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Remember when former Attorney General Michael B. Mukasey insisted—in response to Congressional calls for accountability for the torture lawyers–that the notion that attorneys could be criminalized for writing a legal opinion was “absurd”? Of course, those who seriously tracked the issue recognized that Mukasey’s remarks were not serious. The Justice Department in fact regularly prosecuted lawyers for writing opinions, when it reckoned that the opinions were part of a larger conspiracy to commit a crime. Why would that same reasoning not apply to the case of the torture lawyers? In fact it would, and in fact, Congress expressly created a crime—conspiracy to torture—which covers it. The New York Times has reported on another recent case in which a group of tax lawyers and accountants and a foreign bank conspired to introduce a tax shelter product that they offered to their clients. The lawyers participated by issuing legal opinions, as the Justice Department stresses in its own press release covering the matter. So why is this not a perfect precedent justifying the criminal prosecution of the torture team? Major distinctions between the cases—torture is a vastly more serious crime than games with tax shelters, and the tax shelter case turns on issues of tax law as to which reasonable minds might differ, unlike the torture case—cut in favor of a prosecution of the torture lawyers. The decisive difference may simply be that the United States Department of Justice holds its own attorneys to a far lower standard of accountability than it holds ordinary attorneys. Ask the lawyers who head the Department’s own Public Integrity Section. They’re now the targets of a special prosecutor investigating their criminal misconduct. It’s revealing that the criminal probe into the misconduct of federal prosecutors in political cases occurred by special action of a federal court, not as a result of any internal action of the Justice Department itself. When complaints were brought to the attention of the Justice Department it consistently reacted the same way, sweeping them under the carpet. Often enough, we have to ask on which side of the law enforcement divide the Justice Department stands. The answer often disappoints.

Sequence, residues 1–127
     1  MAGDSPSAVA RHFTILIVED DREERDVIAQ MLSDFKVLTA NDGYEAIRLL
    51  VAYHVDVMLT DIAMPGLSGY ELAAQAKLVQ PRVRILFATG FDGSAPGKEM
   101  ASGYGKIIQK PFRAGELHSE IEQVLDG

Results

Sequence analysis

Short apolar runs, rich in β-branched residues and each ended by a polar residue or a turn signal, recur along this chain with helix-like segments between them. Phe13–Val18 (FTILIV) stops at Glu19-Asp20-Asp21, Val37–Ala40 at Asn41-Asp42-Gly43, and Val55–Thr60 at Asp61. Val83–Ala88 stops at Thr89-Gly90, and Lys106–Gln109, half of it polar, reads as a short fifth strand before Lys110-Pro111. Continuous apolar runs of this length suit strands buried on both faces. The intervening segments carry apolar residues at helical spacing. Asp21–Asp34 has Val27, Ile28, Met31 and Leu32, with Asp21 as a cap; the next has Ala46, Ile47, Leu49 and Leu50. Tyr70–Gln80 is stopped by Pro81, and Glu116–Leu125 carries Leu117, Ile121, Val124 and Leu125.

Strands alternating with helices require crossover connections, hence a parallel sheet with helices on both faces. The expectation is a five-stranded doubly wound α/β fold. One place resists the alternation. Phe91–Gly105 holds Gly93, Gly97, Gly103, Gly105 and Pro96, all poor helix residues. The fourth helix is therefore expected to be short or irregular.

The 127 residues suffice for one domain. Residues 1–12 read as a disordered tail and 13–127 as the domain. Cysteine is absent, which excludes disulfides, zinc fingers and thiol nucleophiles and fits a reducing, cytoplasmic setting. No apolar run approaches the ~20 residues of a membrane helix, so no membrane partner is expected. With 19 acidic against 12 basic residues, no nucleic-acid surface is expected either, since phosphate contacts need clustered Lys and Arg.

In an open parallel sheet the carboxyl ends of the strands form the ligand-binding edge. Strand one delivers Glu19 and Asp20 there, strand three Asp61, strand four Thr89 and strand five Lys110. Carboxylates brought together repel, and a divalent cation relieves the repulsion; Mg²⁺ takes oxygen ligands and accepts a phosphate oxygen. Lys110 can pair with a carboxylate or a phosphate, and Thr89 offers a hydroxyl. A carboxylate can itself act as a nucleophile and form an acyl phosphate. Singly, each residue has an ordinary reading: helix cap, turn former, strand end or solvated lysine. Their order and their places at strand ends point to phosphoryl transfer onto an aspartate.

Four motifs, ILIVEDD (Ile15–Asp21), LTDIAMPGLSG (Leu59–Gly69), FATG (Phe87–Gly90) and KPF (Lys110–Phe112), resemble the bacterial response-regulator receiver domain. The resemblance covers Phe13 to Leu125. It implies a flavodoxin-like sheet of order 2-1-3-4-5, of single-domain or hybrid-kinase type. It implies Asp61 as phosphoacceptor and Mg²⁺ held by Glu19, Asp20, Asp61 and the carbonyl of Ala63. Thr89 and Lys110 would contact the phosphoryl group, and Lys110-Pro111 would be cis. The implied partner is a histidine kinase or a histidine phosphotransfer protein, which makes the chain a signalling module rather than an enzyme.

More from Scott Horton:
Conversation — August 5, 2016, 12:08 pm
Sidney Blumenthal on the origins of the Republican Party, the fallout from Clinton’s emails, and his new biography of Abraham Lincoln
Conversation — March 30, 2016, 3:44 pm
Joseph Hickman discusses his new book, The Burn Pits, which tells the story of thousands of U.S. soldiers who, after returning from Iraq and Afghanistan, have developed rare cancers and respiratory diseases.
Years ago, I lived in Montana, a land of purple sunsets, clear streams, and snowflakes the size of silver dollars drifting through the cold air. There were no speed limits and you could legally drive drunk. My small apartment in Missoula had little privacy. In order to write, I rented an off-season fishing cabin on Rock Creek, a one-room place with a bed and a bureau. I lacked the budget for a desk. My idea was to remove a sliding door from a closet in my apartment and place it over a couple of hastily cobbled-together sawhorses.
Average number of bacteria living in a pound of U.S. mud:
Canadian doctors saved a baby from drowning in his own drool by using Botox on his salivary glands.
A black bear named Pedals, famous for walking upright on his hind legs through Rockaway Township, New Jersey, was reported killed by a hunter, and a hiker in California was attacked after he interrupted two bears mating. It was a “pretty good bear attack,” said the local police chief.
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"She never thanked me, never looked at me—melted away into the miserable night, in the strangest manner I ever saw. I have seen many strange things, but not one that has left a deeper impression on my memory than the dull impassive way in which that worn-out heap of misery took that piece of money, and was lost."